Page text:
Today’s post lists the best stem cell blogs and more generally the top biology blogs as well as websites.
Making lists of “the best” of anything is fun yet tricky. However, I feel that it can also serve a purpose as a resource.
You might also enjoy these other “top” lists I’ve done including List of 50 stem cell influencers on Twitter to follow in 2019, a list of top stem cell journals, and for fun, Elephant in the lab series: top list of science excuses.
Getting back to the top stem cell and biology blogs list, since this is kind of a “two-in-one” list of both stem cell and more general biology blogs, I’ve included 20 top sites on it for 2020, up from 10 before.
I can’t believe it’s already 9 years ago that I wrote about my first year blogging here on The Niche over at Nature back in 2011. That article starts with some of the backstory to my starting to blog:
“The final week of October 2009 started badly for me, when Nature closed its stem-cell blog The Niche — one of my favourites as it covered my field. A few days later, events took a more serious turn for the worse when — out of the blue — I was diagnosed with aggressive prostate cancer. I was 42. Blogs and blogging were suddenly the last thing on my mind.”
If you had told me back then in early 2010 that I’d still be here now in 2020 doing well without sign of cancer recurrence (knock on wood) and still blogging away, I’d have probably been skeptical.
Best bio, cell bio, and stem cell blogs in 2020
How does one try to chose an exact order to the “best” list for anything? I’m not going to focus on the precise order so the blogs below are not in an exact order.
I’m starting with my own because I know it best and, of course, I’m glad you are already here reading it.
Also, note that I’m not including stem cell clinic and marketeer blogs since I don’t support their efforts, even if they may be good at gaming the Google system of website search ranking. Admittedly they sometimes have interesting articles and information.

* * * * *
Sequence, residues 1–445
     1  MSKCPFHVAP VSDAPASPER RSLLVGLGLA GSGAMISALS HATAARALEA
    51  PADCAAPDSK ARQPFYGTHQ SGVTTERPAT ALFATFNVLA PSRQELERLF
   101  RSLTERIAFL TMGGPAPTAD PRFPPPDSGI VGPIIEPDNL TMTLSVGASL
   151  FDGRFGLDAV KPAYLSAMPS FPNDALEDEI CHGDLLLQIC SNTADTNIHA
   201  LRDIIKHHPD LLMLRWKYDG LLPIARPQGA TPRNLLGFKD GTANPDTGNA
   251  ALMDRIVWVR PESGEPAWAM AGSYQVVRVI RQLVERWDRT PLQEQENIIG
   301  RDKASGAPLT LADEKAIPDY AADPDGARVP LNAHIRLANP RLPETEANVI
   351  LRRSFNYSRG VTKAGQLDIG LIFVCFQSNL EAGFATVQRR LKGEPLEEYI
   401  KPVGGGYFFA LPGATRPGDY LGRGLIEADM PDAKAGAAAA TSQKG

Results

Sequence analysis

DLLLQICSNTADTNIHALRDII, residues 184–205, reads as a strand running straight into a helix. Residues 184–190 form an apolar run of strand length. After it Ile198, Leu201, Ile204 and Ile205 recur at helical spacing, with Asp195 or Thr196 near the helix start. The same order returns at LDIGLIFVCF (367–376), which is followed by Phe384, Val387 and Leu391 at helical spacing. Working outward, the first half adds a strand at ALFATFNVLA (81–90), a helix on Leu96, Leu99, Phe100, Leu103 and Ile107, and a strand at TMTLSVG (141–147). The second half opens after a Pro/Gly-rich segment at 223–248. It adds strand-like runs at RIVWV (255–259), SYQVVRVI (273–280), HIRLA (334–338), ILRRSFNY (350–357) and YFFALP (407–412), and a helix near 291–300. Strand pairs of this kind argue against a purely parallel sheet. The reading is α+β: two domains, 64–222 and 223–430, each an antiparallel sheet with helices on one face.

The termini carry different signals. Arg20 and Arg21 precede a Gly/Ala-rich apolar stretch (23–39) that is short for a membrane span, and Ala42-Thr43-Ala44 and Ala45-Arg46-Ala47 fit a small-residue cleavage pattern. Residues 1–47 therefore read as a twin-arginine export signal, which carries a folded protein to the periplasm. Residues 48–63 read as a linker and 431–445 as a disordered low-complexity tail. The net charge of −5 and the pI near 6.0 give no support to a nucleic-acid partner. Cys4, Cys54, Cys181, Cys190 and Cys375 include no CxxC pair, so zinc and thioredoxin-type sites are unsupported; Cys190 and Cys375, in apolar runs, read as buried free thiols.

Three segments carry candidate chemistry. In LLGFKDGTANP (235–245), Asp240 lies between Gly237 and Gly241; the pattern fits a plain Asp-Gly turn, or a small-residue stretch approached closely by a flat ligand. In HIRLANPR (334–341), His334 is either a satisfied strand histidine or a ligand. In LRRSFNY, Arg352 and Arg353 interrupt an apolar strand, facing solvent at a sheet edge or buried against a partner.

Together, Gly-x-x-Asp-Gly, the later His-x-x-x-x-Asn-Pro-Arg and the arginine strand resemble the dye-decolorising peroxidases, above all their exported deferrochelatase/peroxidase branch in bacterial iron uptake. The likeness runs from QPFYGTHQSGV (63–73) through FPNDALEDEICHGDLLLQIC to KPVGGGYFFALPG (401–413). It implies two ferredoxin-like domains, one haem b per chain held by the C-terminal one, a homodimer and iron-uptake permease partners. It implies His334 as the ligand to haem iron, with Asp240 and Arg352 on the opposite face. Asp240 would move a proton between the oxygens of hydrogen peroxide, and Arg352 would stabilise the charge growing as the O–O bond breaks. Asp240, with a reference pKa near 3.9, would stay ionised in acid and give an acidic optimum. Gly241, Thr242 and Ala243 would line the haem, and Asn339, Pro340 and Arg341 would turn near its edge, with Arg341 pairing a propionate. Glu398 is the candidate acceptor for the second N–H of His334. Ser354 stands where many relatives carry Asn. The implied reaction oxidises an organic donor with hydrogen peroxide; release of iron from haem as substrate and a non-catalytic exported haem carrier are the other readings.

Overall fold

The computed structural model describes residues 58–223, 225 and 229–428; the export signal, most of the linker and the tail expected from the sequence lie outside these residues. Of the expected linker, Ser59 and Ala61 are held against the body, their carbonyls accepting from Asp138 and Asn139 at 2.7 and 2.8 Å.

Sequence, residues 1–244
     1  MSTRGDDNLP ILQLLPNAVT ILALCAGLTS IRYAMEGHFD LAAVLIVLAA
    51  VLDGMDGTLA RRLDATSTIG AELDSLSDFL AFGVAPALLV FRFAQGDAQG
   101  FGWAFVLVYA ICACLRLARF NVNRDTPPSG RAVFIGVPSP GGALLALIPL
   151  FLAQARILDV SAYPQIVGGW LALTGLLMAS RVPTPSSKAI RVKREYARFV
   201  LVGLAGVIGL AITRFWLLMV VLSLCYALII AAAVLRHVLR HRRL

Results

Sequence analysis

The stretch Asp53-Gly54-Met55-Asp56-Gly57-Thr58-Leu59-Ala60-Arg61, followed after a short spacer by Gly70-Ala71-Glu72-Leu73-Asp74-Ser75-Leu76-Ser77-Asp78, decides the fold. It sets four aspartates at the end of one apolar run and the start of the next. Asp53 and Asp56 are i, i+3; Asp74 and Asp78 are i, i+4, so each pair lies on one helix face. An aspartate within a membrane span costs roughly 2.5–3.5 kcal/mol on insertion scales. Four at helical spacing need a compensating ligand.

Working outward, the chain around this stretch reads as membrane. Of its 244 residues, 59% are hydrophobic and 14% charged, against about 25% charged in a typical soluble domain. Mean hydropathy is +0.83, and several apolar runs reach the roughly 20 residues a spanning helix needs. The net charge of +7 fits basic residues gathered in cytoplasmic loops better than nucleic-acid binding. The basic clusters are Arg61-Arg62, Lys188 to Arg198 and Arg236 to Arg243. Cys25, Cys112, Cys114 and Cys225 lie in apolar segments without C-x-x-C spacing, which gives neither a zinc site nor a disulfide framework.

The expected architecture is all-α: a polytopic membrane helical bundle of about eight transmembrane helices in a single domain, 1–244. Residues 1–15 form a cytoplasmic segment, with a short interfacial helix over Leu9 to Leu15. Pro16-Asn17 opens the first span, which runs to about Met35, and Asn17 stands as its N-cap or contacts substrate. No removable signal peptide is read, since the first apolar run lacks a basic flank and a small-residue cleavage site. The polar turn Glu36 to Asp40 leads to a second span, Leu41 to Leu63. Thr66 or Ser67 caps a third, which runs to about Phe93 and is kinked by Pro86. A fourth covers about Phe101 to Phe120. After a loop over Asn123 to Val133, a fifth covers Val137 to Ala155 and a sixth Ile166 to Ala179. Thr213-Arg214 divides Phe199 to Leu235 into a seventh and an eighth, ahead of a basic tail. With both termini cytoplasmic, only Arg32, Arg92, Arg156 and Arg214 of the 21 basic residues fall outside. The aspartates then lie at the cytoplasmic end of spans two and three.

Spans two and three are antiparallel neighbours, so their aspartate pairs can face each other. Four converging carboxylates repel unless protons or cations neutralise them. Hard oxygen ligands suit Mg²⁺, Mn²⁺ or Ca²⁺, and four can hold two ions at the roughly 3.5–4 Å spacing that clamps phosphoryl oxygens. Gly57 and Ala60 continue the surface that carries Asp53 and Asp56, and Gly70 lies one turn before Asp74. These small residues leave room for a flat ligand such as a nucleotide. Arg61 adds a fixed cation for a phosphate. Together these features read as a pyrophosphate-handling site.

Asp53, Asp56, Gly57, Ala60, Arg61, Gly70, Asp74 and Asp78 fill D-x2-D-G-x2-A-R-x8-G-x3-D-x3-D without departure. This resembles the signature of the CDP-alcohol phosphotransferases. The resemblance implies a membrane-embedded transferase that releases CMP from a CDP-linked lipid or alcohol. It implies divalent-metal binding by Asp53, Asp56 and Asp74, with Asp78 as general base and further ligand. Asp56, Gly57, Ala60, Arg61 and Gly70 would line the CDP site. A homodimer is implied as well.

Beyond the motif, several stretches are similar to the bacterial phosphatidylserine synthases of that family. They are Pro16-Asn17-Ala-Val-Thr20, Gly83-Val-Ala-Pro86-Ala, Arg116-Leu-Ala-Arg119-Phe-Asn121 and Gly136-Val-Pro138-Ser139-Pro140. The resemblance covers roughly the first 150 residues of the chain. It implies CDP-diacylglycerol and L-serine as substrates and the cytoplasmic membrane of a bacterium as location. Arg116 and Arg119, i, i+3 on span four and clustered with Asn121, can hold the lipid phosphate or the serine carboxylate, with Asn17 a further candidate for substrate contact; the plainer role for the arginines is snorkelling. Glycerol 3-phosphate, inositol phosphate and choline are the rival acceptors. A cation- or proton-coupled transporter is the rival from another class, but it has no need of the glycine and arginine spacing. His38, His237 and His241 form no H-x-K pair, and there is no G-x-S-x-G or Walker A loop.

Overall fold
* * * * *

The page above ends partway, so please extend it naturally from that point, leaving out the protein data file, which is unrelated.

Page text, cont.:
In addition, I’ve added some biology blog sites that are new to me, but that I’ve checked out recently and that seem worth a regular read. And I’ve thrown in a few kind of different ones for fun too. You’ll probably notice a heavy emphasis on cell and molecular biology as well as genetics.
Right here on this website we focus on stem cells, cell therapies, regenerative medicine in general, CRISPR, ethics, and scicomm. In that sense I guess we’ve evolved over the years into much more than a “stem cell blog.”
We’ve got some kudos over the years, which have been appreciated. Feedspot currently lists The Niche as the #1 stem cell blog (see image). Over at Medium we were listed as #4 in a list top cell biology blogs by Hani Ebrahimi.
The CIRM blog has a diversity of contributors and they collectively post more often than most other biomedical blogs. While their site The Stem Cellar is naturally CIRM-centric, it’s a great stem cell blog overall.
This one from our friends in Canada is fantastic. They literally have dozens of authors, which is probably the most of any stem cell-related website, and their articles include many interesting angles. They post really often too. I might rank Signal and The Stem Cellar as tied for best stem cell blog on 2020.